This page seems to have interested my mother, as she herself was an inspiring author. In our family archive, there are a significant number of her writings.
The article was within a column compiled by Howard Ashton, entitled "The Book Review and Music Notes section", and he presented a number of reasons why the Australian public, at that time, had been neglecting its own authors.
There were various responses from readers about why this might be so. One was that 'a prophet is not recognised in his own home'; another was that Australian authors of the time lacked sophisticated literary 'finish'; someone claimed pure prejudice; someone else blamed paucity of output, and finally, a reader commented that, as a rule, the book jackets were badly designed and unattractive.
Ashton himself thought that, if a reader were given an option of an English or an American author as opposed to an Australian writer, he or she would select the overseas offering.
Remember, this was 75 years ago!.
Mr F Gordon Crane of Emu Park, Central Queensland wrote:
"Who are Australia's own authors? Are they are Australian born writers who have gone to London and are there carving out names for themselves. If so, I do not think they are being neglected …..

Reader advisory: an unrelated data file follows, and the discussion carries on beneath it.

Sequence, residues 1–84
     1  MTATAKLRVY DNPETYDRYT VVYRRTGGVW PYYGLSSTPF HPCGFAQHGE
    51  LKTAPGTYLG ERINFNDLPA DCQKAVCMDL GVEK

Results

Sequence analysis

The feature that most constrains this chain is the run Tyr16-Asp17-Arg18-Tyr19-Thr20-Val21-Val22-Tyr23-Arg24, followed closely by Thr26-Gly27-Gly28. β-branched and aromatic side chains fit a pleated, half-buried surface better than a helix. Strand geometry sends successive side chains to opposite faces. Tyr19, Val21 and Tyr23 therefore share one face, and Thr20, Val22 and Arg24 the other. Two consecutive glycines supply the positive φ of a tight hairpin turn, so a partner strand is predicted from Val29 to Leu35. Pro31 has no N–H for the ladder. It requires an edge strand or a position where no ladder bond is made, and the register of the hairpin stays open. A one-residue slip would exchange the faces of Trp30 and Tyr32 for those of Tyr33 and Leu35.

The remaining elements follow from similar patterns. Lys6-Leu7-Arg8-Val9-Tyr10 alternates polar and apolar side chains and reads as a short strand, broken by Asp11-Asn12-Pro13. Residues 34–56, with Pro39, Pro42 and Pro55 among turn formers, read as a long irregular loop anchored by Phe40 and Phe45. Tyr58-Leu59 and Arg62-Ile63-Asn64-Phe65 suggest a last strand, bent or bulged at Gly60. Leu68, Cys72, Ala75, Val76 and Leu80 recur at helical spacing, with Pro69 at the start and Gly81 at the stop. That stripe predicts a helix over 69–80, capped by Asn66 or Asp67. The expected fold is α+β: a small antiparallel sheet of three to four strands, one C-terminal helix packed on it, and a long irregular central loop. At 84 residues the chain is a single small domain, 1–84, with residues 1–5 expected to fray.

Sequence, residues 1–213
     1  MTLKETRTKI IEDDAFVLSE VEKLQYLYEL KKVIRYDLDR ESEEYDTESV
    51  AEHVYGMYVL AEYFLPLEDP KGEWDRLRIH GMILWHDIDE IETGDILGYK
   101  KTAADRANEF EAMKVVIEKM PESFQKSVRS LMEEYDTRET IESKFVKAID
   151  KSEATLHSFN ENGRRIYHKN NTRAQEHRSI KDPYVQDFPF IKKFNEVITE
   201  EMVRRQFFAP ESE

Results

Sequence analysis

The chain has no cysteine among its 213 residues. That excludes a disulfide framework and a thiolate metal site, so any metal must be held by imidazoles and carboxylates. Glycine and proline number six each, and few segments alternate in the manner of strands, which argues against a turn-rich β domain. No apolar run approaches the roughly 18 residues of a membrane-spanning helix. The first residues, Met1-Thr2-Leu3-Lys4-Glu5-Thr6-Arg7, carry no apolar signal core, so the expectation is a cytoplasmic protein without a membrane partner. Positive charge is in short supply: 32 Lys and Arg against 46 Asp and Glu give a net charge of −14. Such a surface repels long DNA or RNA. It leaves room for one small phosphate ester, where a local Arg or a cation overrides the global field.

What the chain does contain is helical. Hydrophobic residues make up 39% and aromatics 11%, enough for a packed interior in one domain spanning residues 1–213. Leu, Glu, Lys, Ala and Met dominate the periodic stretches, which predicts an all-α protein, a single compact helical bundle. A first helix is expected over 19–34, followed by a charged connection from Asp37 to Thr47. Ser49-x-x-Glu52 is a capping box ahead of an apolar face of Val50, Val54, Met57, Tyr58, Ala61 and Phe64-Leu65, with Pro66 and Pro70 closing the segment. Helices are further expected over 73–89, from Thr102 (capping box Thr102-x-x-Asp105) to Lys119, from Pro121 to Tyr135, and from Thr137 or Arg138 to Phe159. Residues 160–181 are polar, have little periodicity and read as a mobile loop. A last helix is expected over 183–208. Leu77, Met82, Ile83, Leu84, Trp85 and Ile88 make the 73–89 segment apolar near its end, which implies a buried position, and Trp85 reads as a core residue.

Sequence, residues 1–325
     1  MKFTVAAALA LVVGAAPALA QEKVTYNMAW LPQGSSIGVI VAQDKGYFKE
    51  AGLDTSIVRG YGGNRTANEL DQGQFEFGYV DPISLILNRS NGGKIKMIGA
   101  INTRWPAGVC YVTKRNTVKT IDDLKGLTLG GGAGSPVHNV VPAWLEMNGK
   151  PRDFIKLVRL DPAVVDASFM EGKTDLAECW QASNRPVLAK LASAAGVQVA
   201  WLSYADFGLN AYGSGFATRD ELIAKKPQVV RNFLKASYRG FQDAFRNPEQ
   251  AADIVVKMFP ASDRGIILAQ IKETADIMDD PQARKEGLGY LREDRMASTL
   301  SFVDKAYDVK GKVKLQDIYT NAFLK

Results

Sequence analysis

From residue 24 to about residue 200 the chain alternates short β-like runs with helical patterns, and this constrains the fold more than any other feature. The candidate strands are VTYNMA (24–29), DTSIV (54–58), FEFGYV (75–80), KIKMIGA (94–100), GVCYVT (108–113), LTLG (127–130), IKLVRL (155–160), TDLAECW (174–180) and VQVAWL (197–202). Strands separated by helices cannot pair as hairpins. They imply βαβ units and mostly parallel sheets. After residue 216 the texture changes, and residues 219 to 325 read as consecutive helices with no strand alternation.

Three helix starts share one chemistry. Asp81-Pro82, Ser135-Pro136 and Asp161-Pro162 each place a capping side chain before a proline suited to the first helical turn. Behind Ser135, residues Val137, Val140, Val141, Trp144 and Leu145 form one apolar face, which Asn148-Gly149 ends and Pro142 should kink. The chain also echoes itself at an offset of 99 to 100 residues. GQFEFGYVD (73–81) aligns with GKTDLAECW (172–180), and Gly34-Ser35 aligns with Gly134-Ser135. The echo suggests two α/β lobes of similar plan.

"Are they the few first class authors who have remained in Australia, and continue to turn out books and have them published? ….and who are they, half a dozen new names in the past 10 years, say, who look like turning out first-class stuff ......"
He went on to talk about a (then) recent push to publish Australian work as 'fair dinkum', and complained that it was being marketed just 'because' it was 'Australian', and that some publishers were not taking due regard to only putting out work of good quality. He thought that there was an exaggerated tendency to market under the slogan 'buy Australian because you are Australian', and that the local market was thus being exploited.
If we now fast-forward to modern times, my first book "Hockey in Australia" which was published in 1982. Even at that time, these same kinds of arguments were being put. Over the years Governments of either persuasion have fiddled with the laws to advantage Australian authors.
Certainly the Library and Education Public Lending Schemes, paying Australian authors loyalties in Libraries and educational institutions, has been a great step forward for fostering Australian authors – but the question of whether the quality is as high as it might be with more competition remains open.
It all illustrates that in every generation there is a debate about Australian authors and the nature of 'overseas' competition. It appears to be one hand at least, 'an era debate'.
The same 'era debate' can be said about a host of issues, not only Australian authors.
Another 'era debate' is the nature of evangelism (books have a huge impact on evangelism). I grew up in the 50's and '60s hearing stories of a 'golden era' of Sydney Baptist church growth in the 1930s, with numerous articles and books written.
However, in the 1980's, in the clear light of specific research of this so called Baptist church life 'golden era', illustrated it was limited to two or three congregations who were very good at what they did with great preachers.
They were also very up beat on self promotion. Indeed the Pentecostals of today may have taken an idea or two from them. There are plenty of Pentecostal Australian authors on Christian issues.